The New South Wales (NSW) government, perhaps inspired by a recent 60s throwback party, have completed a rather extensive program of solar PV installations across three aquatic and agricultural research and development facilities in regional NSW and greater Sydney. “This is the dawning of the age of Aquarius…” sang 5th Dimension in 1969, “let the sunshine in.”
The rooftop solar PV installations amount to some 2,250 solar panels across the three sites, managed by energy services business Verdia.
The NSW Department of Planning, Industry & Environment sites include:
- The Elizabeth Macarthur Agricultural Institute in Menangle – the site of the original land granted to agricultural pioneers John and Elizabeth Macarthur in 1805.
- The Tamworth Agricultural Institute – providing research and development activities across crop breeding, pathology and grain quality programs.
- The Port Stephens Fisheries Institute at Taylors Beach – headquarters for marine ecosystems and aquaculture research in NSW.
The three rooftop installations reach a combined 850kW generating an estimated 1,240 MWh of unfettered solar energy. The NSW Government estimates its current electricity bill of approximately $940,000 a year across the three sites will fall by 22%, or $210,000 a year, with the solar installation.
Verdia CEO Paul Peters said on-site solar generation was continuing to be an effective way for businesses and government to reduce their energy costs. “The cost of electricity generated from solar panels installed behind the meter is cheaper than electricity sourced from the grid,” Peters said. “I can’t see that changing in the foreseeable future. And now governments are looking at solar PV to reduce their energy costs, as well as their carbon footprint.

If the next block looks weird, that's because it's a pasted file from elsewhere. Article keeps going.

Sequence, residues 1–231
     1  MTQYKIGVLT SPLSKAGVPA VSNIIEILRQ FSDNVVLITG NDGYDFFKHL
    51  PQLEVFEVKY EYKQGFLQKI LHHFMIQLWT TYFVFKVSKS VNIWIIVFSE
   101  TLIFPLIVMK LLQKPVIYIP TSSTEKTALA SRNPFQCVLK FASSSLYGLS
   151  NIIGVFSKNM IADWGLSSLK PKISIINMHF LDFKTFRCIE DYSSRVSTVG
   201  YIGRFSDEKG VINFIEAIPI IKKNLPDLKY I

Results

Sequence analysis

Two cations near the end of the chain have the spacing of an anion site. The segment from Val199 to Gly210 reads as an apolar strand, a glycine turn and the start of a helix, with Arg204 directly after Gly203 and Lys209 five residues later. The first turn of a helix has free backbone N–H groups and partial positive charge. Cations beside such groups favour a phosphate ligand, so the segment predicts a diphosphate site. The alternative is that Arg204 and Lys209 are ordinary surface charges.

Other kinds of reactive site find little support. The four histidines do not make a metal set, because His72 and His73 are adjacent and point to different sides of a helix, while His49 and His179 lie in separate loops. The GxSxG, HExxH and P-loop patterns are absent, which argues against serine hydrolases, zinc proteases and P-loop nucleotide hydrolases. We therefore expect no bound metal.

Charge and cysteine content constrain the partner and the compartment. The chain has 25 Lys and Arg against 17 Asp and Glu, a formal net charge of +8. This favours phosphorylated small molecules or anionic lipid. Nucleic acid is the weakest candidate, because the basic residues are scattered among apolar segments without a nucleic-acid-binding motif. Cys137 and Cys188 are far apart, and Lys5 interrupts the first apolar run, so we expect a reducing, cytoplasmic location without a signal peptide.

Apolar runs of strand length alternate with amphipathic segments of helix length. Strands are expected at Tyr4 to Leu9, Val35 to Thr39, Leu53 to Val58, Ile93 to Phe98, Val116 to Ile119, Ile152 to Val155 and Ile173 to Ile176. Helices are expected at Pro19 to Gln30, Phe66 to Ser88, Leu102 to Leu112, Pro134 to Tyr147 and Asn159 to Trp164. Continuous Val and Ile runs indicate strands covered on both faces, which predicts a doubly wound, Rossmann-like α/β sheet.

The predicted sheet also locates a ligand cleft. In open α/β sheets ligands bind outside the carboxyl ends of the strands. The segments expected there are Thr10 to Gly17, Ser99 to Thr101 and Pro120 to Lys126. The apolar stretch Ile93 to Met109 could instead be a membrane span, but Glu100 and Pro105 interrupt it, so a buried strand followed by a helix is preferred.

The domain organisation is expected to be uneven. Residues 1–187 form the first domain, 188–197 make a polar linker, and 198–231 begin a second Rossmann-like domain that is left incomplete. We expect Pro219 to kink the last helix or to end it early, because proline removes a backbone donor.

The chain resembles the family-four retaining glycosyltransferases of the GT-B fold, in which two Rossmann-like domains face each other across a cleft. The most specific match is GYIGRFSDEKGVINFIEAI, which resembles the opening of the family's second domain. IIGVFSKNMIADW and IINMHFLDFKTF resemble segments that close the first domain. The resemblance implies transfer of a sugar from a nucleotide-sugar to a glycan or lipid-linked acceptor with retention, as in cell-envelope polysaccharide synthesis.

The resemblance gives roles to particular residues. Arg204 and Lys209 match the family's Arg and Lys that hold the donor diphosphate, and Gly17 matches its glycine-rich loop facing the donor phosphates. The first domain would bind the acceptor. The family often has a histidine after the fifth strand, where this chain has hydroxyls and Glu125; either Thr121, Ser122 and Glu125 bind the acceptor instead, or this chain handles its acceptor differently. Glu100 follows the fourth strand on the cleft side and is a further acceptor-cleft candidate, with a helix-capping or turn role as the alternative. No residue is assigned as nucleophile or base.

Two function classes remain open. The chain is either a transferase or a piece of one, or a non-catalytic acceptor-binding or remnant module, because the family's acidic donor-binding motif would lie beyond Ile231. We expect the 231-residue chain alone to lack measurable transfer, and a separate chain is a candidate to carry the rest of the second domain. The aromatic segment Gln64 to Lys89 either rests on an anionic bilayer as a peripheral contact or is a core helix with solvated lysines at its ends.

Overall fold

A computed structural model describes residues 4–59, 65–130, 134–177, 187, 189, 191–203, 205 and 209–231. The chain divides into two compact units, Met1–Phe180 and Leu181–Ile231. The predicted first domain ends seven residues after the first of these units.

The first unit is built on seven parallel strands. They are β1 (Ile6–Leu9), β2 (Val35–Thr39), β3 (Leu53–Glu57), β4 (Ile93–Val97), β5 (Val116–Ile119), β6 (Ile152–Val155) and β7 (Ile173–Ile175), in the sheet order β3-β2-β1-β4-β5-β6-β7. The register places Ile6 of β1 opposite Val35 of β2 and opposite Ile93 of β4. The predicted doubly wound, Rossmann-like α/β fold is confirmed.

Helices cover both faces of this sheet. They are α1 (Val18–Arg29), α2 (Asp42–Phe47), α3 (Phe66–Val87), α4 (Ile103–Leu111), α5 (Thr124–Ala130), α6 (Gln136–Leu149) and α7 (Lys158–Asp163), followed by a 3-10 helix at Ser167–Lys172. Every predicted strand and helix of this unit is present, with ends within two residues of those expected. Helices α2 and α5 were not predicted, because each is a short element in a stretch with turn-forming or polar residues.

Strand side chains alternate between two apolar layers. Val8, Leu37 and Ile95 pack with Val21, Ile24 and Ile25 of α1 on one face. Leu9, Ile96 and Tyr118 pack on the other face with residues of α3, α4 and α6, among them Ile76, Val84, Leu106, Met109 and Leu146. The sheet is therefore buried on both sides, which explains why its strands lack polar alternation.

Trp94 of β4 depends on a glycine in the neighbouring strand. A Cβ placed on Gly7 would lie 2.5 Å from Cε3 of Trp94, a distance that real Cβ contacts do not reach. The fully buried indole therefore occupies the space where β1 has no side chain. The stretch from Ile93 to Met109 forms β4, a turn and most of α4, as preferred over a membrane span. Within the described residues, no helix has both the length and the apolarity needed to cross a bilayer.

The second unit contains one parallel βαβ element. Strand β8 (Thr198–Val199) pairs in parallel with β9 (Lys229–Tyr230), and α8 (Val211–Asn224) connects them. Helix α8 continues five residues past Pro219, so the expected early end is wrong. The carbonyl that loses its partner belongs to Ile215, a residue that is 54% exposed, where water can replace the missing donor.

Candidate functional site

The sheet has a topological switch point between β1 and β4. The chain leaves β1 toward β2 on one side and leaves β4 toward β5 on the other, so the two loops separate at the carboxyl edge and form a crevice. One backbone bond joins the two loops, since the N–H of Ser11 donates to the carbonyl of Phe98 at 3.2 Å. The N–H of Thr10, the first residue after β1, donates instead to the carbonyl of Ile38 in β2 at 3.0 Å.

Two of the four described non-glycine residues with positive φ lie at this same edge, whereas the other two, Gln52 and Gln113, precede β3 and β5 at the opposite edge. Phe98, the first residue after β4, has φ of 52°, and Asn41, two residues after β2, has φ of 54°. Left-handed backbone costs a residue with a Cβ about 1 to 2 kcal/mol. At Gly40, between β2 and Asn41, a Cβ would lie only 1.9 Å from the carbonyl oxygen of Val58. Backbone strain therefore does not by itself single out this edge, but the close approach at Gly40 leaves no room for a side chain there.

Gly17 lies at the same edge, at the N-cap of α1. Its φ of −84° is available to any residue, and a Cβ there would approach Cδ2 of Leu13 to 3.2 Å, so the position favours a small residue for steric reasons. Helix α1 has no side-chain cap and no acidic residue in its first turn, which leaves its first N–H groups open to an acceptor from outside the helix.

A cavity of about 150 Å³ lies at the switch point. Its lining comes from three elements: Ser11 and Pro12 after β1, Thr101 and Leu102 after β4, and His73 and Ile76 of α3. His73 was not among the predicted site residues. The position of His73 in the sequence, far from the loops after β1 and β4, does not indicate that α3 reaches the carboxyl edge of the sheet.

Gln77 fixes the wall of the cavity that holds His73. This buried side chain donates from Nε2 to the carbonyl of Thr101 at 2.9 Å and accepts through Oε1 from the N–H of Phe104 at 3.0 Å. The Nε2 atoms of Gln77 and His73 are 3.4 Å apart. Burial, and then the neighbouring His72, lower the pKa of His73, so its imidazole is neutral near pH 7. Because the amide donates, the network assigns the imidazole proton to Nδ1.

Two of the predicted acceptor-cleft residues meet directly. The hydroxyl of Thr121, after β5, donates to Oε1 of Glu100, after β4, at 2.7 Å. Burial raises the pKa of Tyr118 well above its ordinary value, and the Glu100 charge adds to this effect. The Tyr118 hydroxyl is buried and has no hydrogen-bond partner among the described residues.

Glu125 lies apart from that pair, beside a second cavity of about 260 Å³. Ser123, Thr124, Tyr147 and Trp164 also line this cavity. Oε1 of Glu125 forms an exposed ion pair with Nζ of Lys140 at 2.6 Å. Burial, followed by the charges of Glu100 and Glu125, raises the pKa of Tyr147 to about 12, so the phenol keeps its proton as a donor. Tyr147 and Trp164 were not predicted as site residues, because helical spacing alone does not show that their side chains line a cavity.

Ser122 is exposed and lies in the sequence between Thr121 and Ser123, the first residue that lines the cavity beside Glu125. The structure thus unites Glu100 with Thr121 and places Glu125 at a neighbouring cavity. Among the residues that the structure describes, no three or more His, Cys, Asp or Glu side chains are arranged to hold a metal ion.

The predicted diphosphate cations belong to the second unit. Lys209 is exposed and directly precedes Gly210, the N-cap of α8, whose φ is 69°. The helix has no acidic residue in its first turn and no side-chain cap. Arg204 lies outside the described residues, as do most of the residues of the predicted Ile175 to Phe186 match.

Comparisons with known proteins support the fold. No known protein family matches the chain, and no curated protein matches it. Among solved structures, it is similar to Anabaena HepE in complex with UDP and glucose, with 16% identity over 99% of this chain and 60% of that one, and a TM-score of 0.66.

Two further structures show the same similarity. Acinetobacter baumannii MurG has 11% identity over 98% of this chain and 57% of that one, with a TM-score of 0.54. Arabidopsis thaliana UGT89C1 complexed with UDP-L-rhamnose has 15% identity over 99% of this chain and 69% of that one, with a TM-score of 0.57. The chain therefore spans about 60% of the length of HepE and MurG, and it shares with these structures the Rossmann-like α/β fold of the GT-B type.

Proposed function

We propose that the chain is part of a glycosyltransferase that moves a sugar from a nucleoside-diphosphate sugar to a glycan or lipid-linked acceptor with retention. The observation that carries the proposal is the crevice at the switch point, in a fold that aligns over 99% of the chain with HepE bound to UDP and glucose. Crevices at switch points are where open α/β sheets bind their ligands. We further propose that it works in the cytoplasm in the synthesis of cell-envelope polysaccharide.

Auspiciously, not only is the NSW government saving money on its electricity bill, but the installations themselves are not coming out of the budget. Westpac’s Energy Efficiency Finance Program is funding the program. “By funding this investment through Westpac’s Energy Efficiency Program,” noted Peters, “the NSW Government can release the benefits of reduced energy costs, without any impact on its budget. It takes the risk out of these investments.”
All three facilities are on the front-lines of investigative, developmental and pathology prevention research. The Elizabeth Macarthur Agricultural Institute is utilising its 1,500 solar panels to help empower its task as the first life of defence in early detection of emerging or exotic farm and animal diseases. The importance of such research, considering the drought-related stress NSW agriculture is already under, cannot be stressed enough.
Not dissimilarly, the Tamworth Agricultural Institute works to aid agricultural industries and rural communities remain economically viable and sustainable. The facility’s adoption of solar PV is an example of leading by example.
Finally, Port Stephens Fisheries Institute’s 500-panel installation is helping to power research into aquaculture and marine ecosystems in NSW, including “fish-friendly” hydropower generation research projects.
These solar installations will no doubt take a great strain off these facilities which seek to take a great strain off our agricultural and aquacultural ecosystems.
“Let the sunshine, let the shine in, the sunshine in.”